Hti: The cult of Aristide
PORT-AU-PRINCE, Haiti (AP) -- Hundreds of supporters of ousted President Jean-Bertrand Aristide marched through the slums of Haiti's capital Wednesday to demand his return.They cannot live without Aristide? Give the people what they want, I say. Let them find out how many of them will wind up living under Aristide.
Even as the crowd rallied against Haiti's new U.S.-backed interim government, a group of Caribbean nations announced that it would make a decision in about two weeks on whether to recognize the new leadership.
About 2,000 people, many waving posters, marched through the narrow streets of several Port-au-Prince slums before filing past the U.S. Embassy, where they burned small coffins bearing the names of interim Prime Minister Gerard Latortue and other officials. One coffin simply said, "U.S.A."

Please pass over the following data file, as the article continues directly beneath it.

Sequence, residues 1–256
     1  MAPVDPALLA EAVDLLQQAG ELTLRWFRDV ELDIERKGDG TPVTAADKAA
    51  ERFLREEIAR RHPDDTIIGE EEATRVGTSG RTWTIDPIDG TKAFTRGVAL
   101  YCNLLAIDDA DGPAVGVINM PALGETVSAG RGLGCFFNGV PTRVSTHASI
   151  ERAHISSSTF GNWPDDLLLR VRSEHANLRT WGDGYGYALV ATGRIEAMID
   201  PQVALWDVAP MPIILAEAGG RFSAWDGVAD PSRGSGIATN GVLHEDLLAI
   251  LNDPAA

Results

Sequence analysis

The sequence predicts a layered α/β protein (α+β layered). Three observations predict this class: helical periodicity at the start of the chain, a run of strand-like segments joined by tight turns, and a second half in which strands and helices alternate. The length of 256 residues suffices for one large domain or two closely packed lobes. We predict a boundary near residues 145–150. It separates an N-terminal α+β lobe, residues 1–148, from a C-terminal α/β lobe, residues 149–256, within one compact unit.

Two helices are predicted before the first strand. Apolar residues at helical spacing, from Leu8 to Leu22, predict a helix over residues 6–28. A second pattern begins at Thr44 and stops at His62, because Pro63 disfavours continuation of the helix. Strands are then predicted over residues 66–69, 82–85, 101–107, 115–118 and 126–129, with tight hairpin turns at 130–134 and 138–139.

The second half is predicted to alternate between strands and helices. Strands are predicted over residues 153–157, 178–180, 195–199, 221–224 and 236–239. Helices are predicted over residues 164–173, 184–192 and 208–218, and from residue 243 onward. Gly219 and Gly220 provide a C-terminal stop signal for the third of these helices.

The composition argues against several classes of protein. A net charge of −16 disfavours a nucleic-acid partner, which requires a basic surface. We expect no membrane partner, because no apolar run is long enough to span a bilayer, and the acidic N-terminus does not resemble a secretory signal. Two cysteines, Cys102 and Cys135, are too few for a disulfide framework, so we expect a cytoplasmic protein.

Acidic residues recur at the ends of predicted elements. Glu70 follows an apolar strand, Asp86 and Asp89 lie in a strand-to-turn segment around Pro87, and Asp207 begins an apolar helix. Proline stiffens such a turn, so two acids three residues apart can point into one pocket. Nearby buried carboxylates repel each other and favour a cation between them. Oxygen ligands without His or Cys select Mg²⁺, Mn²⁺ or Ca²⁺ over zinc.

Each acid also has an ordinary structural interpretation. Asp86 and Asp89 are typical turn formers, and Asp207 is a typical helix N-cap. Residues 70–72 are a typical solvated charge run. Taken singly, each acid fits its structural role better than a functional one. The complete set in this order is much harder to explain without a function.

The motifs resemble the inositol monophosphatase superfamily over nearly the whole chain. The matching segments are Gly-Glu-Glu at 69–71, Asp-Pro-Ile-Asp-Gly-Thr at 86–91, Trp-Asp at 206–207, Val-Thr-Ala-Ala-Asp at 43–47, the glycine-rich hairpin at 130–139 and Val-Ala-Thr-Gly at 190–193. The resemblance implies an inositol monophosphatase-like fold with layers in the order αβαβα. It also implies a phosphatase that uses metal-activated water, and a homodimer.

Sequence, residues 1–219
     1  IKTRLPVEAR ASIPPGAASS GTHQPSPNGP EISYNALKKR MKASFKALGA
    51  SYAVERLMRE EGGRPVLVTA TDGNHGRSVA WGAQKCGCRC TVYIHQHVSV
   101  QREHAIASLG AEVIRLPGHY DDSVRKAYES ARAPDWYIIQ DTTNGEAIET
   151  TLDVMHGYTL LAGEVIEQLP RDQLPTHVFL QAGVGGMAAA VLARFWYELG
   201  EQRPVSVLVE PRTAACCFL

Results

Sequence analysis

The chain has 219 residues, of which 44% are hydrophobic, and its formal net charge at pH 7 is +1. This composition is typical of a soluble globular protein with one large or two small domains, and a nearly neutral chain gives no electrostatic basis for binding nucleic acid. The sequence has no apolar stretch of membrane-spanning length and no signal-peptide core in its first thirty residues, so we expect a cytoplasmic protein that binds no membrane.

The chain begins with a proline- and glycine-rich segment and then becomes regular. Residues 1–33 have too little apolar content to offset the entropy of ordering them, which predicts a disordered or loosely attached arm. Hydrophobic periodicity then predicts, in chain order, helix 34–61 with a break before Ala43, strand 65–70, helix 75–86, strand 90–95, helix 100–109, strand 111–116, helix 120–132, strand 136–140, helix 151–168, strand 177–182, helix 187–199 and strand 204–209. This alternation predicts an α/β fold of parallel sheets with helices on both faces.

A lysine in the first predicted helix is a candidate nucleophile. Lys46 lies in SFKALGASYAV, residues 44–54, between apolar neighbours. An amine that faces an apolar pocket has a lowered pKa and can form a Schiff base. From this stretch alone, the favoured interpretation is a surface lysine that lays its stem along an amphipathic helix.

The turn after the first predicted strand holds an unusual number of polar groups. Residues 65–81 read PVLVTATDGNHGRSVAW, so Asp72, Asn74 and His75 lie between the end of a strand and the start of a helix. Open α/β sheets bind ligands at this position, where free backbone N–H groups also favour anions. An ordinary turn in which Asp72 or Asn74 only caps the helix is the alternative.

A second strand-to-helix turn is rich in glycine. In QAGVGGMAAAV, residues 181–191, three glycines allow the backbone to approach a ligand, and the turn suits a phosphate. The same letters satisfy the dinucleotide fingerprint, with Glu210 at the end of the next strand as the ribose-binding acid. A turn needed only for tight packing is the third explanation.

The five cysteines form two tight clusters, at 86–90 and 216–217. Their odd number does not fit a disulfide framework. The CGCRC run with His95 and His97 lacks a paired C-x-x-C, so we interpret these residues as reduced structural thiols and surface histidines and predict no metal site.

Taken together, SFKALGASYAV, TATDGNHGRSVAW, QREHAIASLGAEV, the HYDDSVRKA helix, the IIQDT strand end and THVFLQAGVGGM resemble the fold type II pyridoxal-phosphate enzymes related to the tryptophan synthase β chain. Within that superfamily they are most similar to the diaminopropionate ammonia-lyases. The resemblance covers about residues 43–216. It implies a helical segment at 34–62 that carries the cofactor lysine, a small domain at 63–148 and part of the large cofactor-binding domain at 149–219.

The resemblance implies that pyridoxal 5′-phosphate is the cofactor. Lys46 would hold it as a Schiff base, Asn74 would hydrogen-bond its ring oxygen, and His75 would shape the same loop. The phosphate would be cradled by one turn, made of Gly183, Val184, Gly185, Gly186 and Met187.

A U.S.-led multinational force of 3,600 troops arrived in Haiti after a three-week rebellion that culminated in Aristide's Feb. 29 ouster. Aristide, in exile in South Africa, has accused the United States of being behind his overthrow, a claim Washington has denied.
The U.S.-led force was replaced by a Brazil-led U.N. peacekeeping mission at the end of June.
"We cannot live without Aristide," said 70-year-old demonstrator Solange Michel, who said her son was killed by soldiers during a 1991 coup that ousted Aristide for three years.
"We think he will return if we keep protesting," said Bob Fonfon, 34, a former port worker who said past protests brought Aristide back to power.
Meanwhile, leaders in the 15-member Caribbean Community met in Grenada Wednesday, saying they would announce their decision on whether to recognize Haiti's U.S.-backed government on Aug. 16.
Relations between the 15-member bloc and Haiti collapsed after rebels ousted Aristide.